Monthly Archives: November 2014

Making the International Day to End Violence against Women… all about men?

Stop Violence Today, the 25th of November, is the International Day for the Elimination of Violence against Women. Activists have commemorated the day since 1981 and have used it to raise awareness of the extent and nature of violence against women around the world. The day was officially recognized by the UN in 1999 and it also marks the start of the annual 16 Days of Activism against Gender-Based Violence campaign which ends on Dec 10th (International Human Rights Day). The theme this year is “From Peace in the Home to Peace in the World: Let’s Challenge Militarism and End Violence Against Women!” The 25th of November was chosen because it was on this day in 1960 that three of the four Mirabal sisters, political activists in the Dominican Republic, were assassinated on orders of Dominican ruler Rafael Trujillo. This day is specifically focused on highlighting the reality of violence against women and advocating to eliminate this violence rather than focusing on gender-based violence. Its clear from recent news stories that violence against women remains a common phenomenon in schools, workplaces, and homes. Violence against women and girls happens in relatively peaceful settings, as well as during natural disasters and in conflict. According to World Health Organization “35% of women worldwide have experienced either intimate partner violence or non-partner sexual violence in their lifetime.” The problem is often hidden and unaddressed. Responses to support survivors of violence are insufficient but must be implemented along with prevention as the key to ending violence against women. In this fight to eliminate violence against women, both women and men must be involved. The importance of men and boys as allies in the fight against violence against women is noted in the recently published  Lancet Series on Violence against Women and Girls and at the recent Men Engage Global Symposium. There are both national and international efforts to increase the positive engagement of men and boys in the efforts to end violence against women and girls. HOWEVER, being an ally doesn’t mean shifting the focus away from the problem and instead focusing on men’s role in working to end it.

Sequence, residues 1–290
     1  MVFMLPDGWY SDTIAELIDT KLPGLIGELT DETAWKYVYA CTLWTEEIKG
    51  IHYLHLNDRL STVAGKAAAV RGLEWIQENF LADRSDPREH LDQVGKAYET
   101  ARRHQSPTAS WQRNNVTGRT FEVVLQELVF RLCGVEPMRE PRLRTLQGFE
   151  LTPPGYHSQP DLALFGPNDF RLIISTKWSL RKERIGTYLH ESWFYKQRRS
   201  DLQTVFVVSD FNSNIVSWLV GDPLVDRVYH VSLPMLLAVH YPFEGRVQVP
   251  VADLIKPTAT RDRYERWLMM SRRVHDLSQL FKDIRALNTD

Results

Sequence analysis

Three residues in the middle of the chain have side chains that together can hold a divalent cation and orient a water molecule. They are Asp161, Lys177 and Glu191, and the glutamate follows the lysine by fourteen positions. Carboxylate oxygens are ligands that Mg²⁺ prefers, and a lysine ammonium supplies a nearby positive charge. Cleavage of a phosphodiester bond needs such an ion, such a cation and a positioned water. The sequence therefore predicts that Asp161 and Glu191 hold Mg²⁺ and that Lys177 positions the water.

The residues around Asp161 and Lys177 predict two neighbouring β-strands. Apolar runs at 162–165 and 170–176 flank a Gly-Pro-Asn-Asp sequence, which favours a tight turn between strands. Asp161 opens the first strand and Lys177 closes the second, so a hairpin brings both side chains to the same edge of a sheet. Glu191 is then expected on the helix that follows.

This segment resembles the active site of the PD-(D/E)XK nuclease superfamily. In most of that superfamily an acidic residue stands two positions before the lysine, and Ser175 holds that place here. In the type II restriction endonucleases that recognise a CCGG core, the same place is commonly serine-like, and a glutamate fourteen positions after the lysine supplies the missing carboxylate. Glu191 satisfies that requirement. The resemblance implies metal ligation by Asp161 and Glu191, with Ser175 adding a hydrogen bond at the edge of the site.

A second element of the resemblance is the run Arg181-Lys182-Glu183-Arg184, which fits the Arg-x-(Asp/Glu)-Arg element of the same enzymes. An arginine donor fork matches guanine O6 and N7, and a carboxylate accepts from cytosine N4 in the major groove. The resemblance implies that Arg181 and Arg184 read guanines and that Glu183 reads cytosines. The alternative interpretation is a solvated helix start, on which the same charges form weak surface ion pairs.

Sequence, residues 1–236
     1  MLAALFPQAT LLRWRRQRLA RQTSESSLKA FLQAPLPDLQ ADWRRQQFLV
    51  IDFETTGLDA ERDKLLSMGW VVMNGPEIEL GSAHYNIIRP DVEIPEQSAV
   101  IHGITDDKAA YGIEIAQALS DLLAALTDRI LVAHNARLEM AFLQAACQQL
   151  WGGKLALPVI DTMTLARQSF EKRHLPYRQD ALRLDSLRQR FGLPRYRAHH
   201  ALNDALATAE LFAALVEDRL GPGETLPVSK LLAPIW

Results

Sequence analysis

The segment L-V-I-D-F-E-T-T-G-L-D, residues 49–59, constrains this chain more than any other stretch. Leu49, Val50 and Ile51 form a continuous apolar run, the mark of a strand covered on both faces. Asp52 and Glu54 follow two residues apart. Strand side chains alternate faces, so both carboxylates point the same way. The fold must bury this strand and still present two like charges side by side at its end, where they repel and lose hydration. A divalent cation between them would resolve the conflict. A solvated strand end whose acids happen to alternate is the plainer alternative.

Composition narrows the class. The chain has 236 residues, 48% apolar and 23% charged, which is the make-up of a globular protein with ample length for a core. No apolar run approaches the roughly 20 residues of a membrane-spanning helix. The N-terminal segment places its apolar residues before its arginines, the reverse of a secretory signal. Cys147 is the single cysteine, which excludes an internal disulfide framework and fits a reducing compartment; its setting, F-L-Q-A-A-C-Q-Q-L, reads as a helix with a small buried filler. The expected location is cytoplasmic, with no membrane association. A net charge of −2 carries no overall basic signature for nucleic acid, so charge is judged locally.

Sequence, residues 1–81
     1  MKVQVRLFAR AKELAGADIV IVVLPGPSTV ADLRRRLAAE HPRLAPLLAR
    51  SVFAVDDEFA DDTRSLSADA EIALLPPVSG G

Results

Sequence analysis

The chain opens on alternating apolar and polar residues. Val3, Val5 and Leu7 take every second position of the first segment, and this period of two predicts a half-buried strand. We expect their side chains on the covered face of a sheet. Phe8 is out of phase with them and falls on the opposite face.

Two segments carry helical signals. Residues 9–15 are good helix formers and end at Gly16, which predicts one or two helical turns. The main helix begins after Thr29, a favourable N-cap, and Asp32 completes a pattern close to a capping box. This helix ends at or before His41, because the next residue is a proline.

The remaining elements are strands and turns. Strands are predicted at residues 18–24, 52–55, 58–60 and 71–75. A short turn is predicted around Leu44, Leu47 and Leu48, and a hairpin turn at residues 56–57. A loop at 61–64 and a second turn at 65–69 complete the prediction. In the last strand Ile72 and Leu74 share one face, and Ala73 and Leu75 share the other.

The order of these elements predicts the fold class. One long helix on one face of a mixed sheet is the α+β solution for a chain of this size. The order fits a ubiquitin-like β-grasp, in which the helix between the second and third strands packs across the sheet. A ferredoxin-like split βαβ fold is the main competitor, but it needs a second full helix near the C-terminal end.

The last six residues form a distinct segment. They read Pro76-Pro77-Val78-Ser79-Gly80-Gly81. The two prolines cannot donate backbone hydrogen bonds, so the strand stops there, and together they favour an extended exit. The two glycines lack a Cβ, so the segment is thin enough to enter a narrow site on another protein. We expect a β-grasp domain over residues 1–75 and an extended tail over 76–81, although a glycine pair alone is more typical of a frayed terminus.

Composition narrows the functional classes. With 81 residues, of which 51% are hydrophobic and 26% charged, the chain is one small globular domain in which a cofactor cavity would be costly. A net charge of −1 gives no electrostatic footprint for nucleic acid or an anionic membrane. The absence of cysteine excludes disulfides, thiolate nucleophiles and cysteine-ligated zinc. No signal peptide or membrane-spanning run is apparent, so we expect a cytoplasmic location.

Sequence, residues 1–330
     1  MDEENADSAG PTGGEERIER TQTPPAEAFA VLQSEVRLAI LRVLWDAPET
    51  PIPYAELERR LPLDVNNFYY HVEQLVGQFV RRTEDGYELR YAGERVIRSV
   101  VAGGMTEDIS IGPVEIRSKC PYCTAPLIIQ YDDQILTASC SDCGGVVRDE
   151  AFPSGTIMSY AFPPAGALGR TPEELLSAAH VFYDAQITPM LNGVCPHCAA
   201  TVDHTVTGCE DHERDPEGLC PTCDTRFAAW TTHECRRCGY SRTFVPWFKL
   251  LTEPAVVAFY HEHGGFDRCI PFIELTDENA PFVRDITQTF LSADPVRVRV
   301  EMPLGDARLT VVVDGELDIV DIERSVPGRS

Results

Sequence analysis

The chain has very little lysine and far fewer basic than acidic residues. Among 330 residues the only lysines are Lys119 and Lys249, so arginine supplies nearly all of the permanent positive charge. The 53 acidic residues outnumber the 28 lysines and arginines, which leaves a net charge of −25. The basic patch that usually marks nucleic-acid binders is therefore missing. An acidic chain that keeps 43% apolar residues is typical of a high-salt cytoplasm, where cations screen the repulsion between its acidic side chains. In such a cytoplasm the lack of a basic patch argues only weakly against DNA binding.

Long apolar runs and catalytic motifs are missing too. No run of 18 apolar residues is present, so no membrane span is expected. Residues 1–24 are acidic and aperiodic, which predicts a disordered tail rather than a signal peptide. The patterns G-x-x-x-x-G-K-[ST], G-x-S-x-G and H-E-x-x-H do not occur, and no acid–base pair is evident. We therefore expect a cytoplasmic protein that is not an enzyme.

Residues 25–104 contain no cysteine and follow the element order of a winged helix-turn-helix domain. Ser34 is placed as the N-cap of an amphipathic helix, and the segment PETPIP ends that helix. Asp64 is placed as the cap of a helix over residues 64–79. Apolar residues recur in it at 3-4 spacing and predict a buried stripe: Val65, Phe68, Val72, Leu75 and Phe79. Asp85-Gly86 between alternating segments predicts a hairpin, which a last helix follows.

white ribbon 4
White Ribbon walk in Sydney, Australia 2014

In Australia, the 25th of November is now known as “White Ribbon Day” after a male-led campaign focused on men ending violence against women. By changing the name of the day, the campaign has made the day about men and not about women. In particular it has effectively shifted the focus away from women who experience violence and from violence that is often hidden and unacknowledged. By doing so the campaign renders violence and the women it is perpetuated against invisible. On the one day of the year which is set aside to commemorate and honor women and girls who experience violence – those who survive and those who have not, we must keep the focus on women and girls as a reminder of what we are working towards. We can not end violence against women otherwise.

Advertisements

New Report: The Continuity of Risk: A three-city study of Congolese women-at-risk resettled in the U.S

The summary below was contributed by Karin Wachter, one of the report’s co-authors

In October 2014, the University of Texas at Austin and North Carolina Agricultural and Technical State University issued their report: The Continuity of Risk: A three-city study of Congolese women-at-risk resettled in the U.S. The study was conducted to prepare for the 50,000 Congolese refugees planned to be resettled in the United States over the next several years through the U.S. Refugee Admissions Program.

The Continuity of Risk concludes that Congolese refugee women have a sense of safety and food security in the U.S., and struggle with integration. The primary concerns expressed by the research participants include the impacts of trauma, social isolation, loss of power as mothers and precarious financial survival. The UNHCR “woman-at-risk” resettlement category is also discussed from both practice and policy perspectives.

The findings highlight women’s intersecting experiences with violence and forced migration.  The recommendations section of the report, in particular, emphasizes the potential for collaboration between resettlement and domestic violence and sexual assault agencies to help meet those expressed needs.  This study can help to inform those collaborative efforts already underway and spark ideas for new initiatives and partnerships.

The report can be downloaded from the Institute on Domestic Violence & Sexual Assault (IDVSA) website at:  http://www.utexas.edu/ssw/cswr/institutes/idvsa/congolese-refugee-women-at-risk/